It might not be surprising that an ethical issue is being discussed and deliberated in the Florida law community. However, it might seem unusual to some that the issue surrounds LinkedIn, the popular social network for professionals, including in this case, lawyers and their firms. Even those who have never visited the website are undoubtedly familiar with the barrage of e-mails inviting them to do so.
This is serious business. It all starts with a new set of rules that was adopted by the Florida Supreme Court in May of 2013, which governed the use of internet marketing by Florida lawyers. The rules were intended to discourage deceptive, manipulative, misleading information, limiting online marketing content to “objectively verifiable” results, characterizations, and testimonials. While Florida lawyers have always worked with relatively strict advertising limitations, this was the first time the restrictions were extended to their websites.
In an attempt to comply with the new rules, law firm Searcy Denney Scarola Barnhart & Shipley PA asked the bar to advise them on which statements from their online presence met the “objectively verifiable” requirement. They were not satisfied with the response they received.
In addition to criticizing some of Searcy Denney’s own statements, the bar also noted that the firms LinkedIn page violated parts of the new rules. According to the bar, Searcy Denney should not list practice areas on LinkedIn because, after being submitted to the website, they are automatically listed under a heading of “Specialties”. Technically, only lawyers certified in a specific legal area can claim it as a specialty, but LinkedIn does not recognize this. LinkedIn profiles also invite other users to submit reviews of services that are posted without oversight that would make sure they meet the “objectively verifiable” benchmark.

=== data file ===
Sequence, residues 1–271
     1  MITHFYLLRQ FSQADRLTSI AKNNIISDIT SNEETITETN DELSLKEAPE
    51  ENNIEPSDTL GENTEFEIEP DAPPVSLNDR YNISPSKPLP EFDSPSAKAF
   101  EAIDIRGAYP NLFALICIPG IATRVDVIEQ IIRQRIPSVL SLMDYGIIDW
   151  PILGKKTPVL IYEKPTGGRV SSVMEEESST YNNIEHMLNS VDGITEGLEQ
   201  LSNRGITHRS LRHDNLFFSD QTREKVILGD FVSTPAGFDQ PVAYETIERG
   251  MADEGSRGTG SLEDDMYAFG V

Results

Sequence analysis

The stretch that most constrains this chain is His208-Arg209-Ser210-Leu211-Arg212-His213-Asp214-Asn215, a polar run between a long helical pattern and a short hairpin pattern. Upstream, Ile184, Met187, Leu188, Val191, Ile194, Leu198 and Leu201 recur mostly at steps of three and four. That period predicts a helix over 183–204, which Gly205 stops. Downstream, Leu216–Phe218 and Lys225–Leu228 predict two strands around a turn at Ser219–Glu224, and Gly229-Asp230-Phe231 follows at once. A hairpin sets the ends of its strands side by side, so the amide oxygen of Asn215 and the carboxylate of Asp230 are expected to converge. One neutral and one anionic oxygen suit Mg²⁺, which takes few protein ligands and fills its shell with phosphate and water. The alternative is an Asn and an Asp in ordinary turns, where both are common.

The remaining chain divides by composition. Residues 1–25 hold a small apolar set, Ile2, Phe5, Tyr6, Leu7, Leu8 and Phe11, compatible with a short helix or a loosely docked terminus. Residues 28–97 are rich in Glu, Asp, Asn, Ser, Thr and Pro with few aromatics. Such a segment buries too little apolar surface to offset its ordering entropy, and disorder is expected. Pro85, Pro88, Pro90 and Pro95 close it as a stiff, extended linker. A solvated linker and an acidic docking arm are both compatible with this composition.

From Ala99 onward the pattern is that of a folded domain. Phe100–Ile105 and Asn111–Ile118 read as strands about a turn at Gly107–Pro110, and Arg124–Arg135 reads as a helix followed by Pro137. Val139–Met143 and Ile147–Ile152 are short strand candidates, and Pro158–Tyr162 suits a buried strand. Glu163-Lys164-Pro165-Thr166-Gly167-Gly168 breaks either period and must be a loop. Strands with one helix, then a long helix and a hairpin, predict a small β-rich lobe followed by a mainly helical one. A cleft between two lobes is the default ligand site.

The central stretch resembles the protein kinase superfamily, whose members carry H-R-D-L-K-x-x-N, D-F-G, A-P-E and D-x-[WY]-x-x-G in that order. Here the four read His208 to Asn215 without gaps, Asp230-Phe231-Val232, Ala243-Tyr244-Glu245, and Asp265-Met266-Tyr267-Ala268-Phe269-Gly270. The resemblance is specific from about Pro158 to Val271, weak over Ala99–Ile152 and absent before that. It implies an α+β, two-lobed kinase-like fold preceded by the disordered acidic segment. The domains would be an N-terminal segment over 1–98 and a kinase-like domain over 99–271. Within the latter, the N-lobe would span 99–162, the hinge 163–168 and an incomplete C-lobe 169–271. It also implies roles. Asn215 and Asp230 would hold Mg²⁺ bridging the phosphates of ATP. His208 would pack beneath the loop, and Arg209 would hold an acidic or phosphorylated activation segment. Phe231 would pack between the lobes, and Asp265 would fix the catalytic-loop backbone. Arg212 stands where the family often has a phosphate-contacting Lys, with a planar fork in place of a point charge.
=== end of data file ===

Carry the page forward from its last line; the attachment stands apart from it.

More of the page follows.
Now law firms like Searcy Denney are arguing that they should not be held accountable for the way in which LinkedIn sets up their online profiles. They claim that the rules, as they stand, make it too hard to maintain an online presence, and nearly impossible to produce websites, blogs, and social media that fall within the imposed guidelines. On December 11, Searcy Denney filed suit against the Florida Bar in the U.S. District Court for the Northern District of Florida.
Members of the bar maintain that this is an issue that must be dealt with no matter who is at fault. Allowing the LinkedIn pages to remain could lead to a slippery slope of unethical online marketing for lawyers and their firms. They have encouraged LinkedIn to cooperate and change the way they organize the profiles.
The case is surely a sign of things to come. It brings to the forefront, once again, the effect that the internet is having on our lives, especially in the way we do business and practice our profession. At Stok Folk & Kon, we eagerly await further developments to see how this case will apply to our role as a law firm in Miami, Florida.